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June 18, 2010

The Smear Becomes More Clear

It hasn’t been a good PR week for multimillionaire PR flack Rick Berman. This past weekend, the Minneapolis Star-Tribune exposed his attack on The HSUS and included the voices of animal shelter leaders concerned that Berman’s smear campaign against The HSUS was harming their operations. And today, The New York Times published a front-page story calling out Berman and his half dozen phony “nonprofit” organizations that exist for the sole purpose of attacking many of the nation’s leading charities, including The HSUS, the Center for Science in the Public Interest, and Mothers Against Drunk Driving (MADD), in a naked self-enrichment scheme for the 67-year-old lawyer and lobbyist.

For the past year, the Center for Consumer Freedom, one of Berman’s groups run on a day-to-day basis by David Martosko (who, interestingly, given the attacks on MADD, has a "rap sheet" with a drunk driving conviction and a list of other vehicular violations), has been waging a brand-attack campaign against The HSUS. Berman won’t reveal his donors, but last year he made the rounds to a wide range of corporations involved in animal cruelty and told them The HSUS was the greatest threat to their industries and he’d mount a PR offensive with their money. Berman has long had ties to the food and beverage and alcohol sectors, so it wasn’t a big leap for him to come with open hand to agribusiness interests upset about The HSUS’s undercover efforts exposing slaughterhouse abuses and our successful campaigns against extreme confinement of animals in small cages on factory farms.

Downed cow at Hallmark/Westland
© The HSUS
Animal use industries fear The HSUS's track record of success.

There’s just one reason that The HSUS is the target of a Berman campaign: we are strategic and effective in fighting institutionalized animal cruelty in the United States and abroad. So we take his attack as a marker of our success. Still though, we are committed to exposing Berman and his phony campaigns, so that no American is deceived by the likes of a scammer like him.

Let me try to draw out the key facts of the Berman shell game.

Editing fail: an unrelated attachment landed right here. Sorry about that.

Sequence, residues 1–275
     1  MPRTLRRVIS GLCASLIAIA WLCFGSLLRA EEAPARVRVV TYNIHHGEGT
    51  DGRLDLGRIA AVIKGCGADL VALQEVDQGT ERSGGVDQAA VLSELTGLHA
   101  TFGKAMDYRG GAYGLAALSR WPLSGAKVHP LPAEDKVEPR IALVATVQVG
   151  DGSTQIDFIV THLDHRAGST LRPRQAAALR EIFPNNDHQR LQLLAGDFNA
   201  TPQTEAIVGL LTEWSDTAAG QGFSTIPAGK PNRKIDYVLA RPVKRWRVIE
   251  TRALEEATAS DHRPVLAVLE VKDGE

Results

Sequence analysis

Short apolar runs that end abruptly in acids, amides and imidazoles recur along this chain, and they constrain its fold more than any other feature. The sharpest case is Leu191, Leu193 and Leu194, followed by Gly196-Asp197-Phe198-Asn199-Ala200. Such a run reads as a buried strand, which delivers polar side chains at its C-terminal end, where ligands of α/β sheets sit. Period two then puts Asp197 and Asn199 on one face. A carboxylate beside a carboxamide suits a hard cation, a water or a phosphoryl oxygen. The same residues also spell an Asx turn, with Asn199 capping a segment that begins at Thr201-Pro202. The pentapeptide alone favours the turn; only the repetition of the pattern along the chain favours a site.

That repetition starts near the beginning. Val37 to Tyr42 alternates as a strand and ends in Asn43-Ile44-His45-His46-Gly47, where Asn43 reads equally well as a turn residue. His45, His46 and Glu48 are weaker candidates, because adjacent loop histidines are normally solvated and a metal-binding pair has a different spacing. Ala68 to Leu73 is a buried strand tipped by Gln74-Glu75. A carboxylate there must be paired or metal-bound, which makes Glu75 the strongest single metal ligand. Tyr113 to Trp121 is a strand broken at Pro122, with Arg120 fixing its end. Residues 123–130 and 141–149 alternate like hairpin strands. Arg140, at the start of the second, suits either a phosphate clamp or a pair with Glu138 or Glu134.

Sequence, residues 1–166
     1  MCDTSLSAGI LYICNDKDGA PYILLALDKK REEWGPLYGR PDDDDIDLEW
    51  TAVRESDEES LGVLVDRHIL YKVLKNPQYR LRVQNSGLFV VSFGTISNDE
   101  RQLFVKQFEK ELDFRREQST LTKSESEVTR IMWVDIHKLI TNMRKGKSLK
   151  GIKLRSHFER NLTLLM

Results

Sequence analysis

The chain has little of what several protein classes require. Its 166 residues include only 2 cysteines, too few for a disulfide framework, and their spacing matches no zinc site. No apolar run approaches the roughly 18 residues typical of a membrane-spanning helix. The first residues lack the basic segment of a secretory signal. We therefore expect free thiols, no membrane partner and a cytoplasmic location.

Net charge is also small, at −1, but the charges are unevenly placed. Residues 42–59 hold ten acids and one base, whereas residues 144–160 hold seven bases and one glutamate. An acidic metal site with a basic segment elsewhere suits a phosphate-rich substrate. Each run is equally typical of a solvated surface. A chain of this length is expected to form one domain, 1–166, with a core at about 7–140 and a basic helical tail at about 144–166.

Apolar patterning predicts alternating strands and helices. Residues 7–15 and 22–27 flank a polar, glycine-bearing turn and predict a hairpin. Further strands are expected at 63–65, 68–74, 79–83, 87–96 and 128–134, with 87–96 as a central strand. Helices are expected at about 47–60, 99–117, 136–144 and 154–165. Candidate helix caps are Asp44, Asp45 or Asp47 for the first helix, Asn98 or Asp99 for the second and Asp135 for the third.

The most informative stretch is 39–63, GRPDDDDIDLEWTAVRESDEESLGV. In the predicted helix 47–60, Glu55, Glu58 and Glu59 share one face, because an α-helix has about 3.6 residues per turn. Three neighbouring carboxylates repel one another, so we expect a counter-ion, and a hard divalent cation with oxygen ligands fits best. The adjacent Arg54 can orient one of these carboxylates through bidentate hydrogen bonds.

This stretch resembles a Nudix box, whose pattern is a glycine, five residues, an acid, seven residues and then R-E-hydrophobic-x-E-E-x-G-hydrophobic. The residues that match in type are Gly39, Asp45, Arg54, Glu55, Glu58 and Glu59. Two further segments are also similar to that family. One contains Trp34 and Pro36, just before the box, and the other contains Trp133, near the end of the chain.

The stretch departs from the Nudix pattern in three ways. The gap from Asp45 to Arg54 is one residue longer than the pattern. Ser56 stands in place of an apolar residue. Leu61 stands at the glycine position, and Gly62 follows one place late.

First, Berman is a guy who defends industries that practice animal cruelty, a man who minimizes the problems of drunk driving and childhood obesity, a fellow who makes the case for the safety of mercury in seafood—a PR smoothie who cut his teeth telling people cigarette smoking was a harmless vice. That should be an unmistakable indicator to anyone concerned about the health and well-being of a civil society that this guy is a disreputable person.

Second, Berman abuses the tax code by creating nice-sounding “nonprofit” charitable organizations that serve no discernible purpose but exist to attack legitimate public interest organizations. Berman and his groups don’t help one animal, shelter one homeless person, or do anything for the public good. He is a PR hit man masquerading as a nonprofit, and Stephanie Strom’s piece in The New York Times exposes him as such.

Third, corporations that fund Berman’s “nonprofits” not only get his public relations services but also unwarranted tax benefits and anonymity. They essentially hire out Berman to do the kind of work they don’t want to have their fingerprints on, and they scam taxpayers in the process. There’s nothing wrong with companies hiring lobbyists and PR firms to make their case to the American public, but they should disclose who they are and not fleece the American taxpayers in the process.

Fourth, Berman hires his own for-profit PR firm to do the advertising and media work for his nonprofit groups, with a large share of total revenues for each of his groups going to Berman and Company, a for-profit PR company he owns. In 2008, 92 percent of the money taken in by the Center for Consumer Freedom went either to pay Berman or the company he owns. In short, Berman double dips—getting paid by his nonprofits and also his for-profit PR company, which almost exclusively works for his phony organizations. It’s a personal enrichment scheme for a multimillionaire.

On one level, it’s all worked very well for Mr. Berman. He fights efforts to raise the minimum wage, but he drives a Bentley and a Ferrari, and he lives in a $3.4 million mansion in northern Virginia. But at this unique and unsavory intersection of the philanthropic and corporate sectors concocted by Berman, you’d have a hard time finding a more corrupt scheme anywhere in America.

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